Research continues to strongly correlate teacher quality and effectiveness with student educational outcomes in our nation’s K-12 system. Higher quality teachers are more effective with pedagogy and instruction, thereby yielding higher academic performance and educational outcomes from our students. But evidence still suggests that there are persistent and pervasive issues in achieving higher level performance and outcomes for our students in under-resourced and under-served schools and districts. Could it be that the high quality teachers we all want for our children are not making it to these communities and into these schools? A recent article in the Huffington Post, “ Dream Deferred: Are We Leaving Black Students Behind? ”, asserts that while some school districts have made substantial progress in mitigating the achievement gaps by improving teacher quality, many have “left children behind” even though the 2001 No Child Left Behind (NCLB) Act required states to legislate equity in teacher quality. NCLB called for every classroom in the country to have a highly-qualified teacher by 2005. According to Title II of NCLB, federal funds would be distributed to state educational agencies to support the professional development of highly qualified teachers and school leaders as a way to improve student achievement. By definition that meant educators must obtain a bachelor’s degree at minimum, obtain state certification or licensure in that state in which he or she will teach, and show evidence of content knowledge in the core subject or subjects in which he or she will teach. A 2009 Education Trust report stated it most clearly; “If state leaders invest resources and energy wisely they don’t have to choose between excellence and equity.” But in 2006, that 100% goal still had not been met. In 2010, the U.S. Department of Education reported that 98% of elementary schools and 96% of secondary schools had core classes being taught by highly-qualified teachers. Good news, yes? Not necessarily. The U.S. Department of Education also cited that high-poverty schools and districts were less likely to have highly-qualified teachers than low-poverty districts. One major problem? NCLB provided no further direction to states on defining highly-qualified other than the three-part definition in the legislation. This meant that states could devise their own definitions or methodologies. This is where we begin to witness the inequities in the implementation and a furthering of the already entrenched inequities in our educational system. We still see that these inequities fall sharply along lines and at the intersection of race and class. To be more specific, the manifestation of these imbalances is disproportionally affecting people of color in poverty. Surely, there are those among us who would be highly-qualified and want to teach in our districts and schools with greater need?
“This is where we begin to witness the inequities in the implementation and a furthering of the already entrenched inequities in our educational system…To be more specific, the manifestation of these imbalances is disproportionally affecting people of color in poverty.”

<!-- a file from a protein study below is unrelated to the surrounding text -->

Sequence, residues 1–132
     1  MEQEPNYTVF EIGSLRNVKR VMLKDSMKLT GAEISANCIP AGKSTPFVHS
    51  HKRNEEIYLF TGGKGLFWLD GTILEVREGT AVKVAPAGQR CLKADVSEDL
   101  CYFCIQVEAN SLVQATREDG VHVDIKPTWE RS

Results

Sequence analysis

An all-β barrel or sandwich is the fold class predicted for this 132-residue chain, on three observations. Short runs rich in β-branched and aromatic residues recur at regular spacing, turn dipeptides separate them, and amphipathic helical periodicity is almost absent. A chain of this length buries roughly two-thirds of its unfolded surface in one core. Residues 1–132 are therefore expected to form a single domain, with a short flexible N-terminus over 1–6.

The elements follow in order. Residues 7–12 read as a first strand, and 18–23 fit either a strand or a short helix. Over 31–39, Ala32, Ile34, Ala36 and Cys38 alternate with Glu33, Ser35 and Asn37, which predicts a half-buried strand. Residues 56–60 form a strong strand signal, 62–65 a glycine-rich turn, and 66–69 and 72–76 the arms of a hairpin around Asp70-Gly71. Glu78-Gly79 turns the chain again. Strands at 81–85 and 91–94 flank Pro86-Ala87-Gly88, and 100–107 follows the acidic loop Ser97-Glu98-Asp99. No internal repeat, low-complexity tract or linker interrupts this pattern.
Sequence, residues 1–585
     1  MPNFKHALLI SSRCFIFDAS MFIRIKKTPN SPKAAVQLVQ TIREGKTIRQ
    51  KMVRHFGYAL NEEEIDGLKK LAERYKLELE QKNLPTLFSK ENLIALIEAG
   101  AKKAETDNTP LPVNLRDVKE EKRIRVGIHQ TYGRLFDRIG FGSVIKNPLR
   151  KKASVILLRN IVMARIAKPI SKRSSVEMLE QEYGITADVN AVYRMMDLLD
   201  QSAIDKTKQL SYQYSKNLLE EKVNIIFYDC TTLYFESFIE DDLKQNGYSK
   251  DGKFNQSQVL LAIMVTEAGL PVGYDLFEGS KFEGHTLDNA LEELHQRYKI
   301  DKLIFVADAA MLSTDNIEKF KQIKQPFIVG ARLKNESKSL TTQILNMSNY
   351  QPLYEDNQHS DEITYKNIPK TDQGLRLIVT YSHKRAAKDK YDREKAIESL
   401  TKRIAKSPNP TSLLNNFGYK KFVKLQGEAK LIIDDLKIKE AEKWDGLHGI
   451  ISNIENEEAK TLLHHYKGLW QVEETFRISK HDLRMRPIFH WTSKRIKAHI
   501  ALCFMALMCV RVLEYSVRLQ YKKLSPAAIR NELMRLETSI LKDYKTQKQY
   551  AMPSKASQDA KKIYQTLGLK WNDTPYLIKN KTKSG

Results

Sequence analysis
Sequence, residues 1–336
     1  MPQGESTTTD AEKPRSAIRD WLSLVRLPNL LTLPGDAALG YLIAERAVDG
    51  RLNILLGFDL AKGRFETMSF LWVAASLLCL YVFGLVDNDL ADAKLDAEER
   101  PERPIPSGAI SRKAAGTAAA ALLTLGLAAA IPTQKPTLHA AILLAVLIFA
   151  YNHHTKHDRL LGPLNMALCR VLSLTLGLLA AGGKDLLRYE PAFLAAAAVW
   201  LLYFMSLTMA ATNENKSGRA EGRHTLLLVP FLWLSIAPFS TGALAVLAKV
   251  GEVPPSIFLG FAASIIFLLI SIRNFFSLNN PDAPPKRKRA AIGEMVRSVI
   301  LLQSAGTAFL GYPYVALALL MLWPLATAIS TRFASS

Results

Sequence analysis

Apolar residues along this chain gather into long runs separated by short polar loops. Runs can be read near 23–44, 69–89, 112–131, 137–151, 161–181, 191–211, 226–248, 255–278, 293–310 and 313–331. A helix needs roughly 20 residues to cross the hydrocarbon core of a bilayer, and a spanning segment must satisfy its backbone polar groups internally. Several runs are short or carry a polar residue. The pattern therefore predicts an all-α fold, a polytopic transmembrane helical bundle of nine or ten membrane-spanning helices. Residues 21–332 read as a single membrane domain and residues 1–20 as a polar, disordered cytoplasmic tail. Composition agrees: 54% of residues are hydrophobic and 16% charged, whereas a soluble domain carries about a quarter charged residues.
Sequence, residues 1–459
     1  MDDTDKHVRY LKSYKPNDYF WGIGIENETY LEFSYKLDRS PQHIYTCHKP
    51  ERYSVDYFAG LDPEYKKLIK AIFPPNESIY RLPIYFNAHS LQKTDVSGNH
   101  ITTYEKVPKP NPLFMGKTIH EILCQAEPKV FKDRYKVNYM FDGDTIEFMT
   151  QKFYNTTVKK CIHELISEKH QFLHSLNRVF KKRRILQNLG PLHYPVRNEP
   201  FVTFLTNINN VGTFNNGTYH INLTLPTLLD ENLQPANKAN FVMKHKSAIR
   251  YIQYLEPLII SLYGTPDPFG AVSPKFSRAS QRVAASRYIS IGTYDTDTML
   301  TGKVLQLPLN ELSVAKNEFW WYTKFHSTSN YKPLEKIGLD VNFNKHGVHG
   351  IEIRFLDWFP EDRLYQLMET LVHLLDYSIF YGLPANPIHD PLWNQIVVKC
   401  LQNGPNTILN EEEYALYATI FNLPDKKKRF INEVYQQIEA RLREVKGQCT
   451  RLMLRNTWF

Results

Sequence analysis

Education has become highly politicized in the United States and media has displayed a full range of arguments that have left very stale tastes for many who would pursue careers as educators. Once a highly-regarded field has now become highly-vilified and evidence is providing proof. We have seen steep declines in interest in the profession and the numbers matriculating in teacher preparation programs. As one example that reflects the national narrative, California saw a 12% decline last year , its eighth consecutive year of declines.
Now to the Dream Deferred. Langston Hughes penned the renowned poem as a metaphor for things in life that go unrealized. I still remember vividly the day I walked through an urban public middle school after having conducted college awareness sessions for 8 th graders. I initiated a quick but cordial conversation with one of the teachers as I headed out of the building. “How frequently do you offer college readiness activities for students?” I asked. She replied in a hopeless and uninspired tone, “Never. I am just focused on getting these students to finish middle school.” I am sure I gasped loud enough for her to hear me. That one statement said to me that there were probably 400 dreams deferred in that one building and many more before and after those 8 th graders. In that one instance, I heard the ending of that poem when it declared, “Maybe it just sags like a heavy load. Or does it explode?”
I am sure, that one middle school in that one city is not unlike many of the schools and young learners who have been “left behind.”
Dr. Adrian K. Haugabrook is the Vice President for Student Success and Engagement at Wheelock College in Boston, MA. His career has spanned from K-12 to higher education policy and practice. You can follow him on Twitter @AKHaugabrook .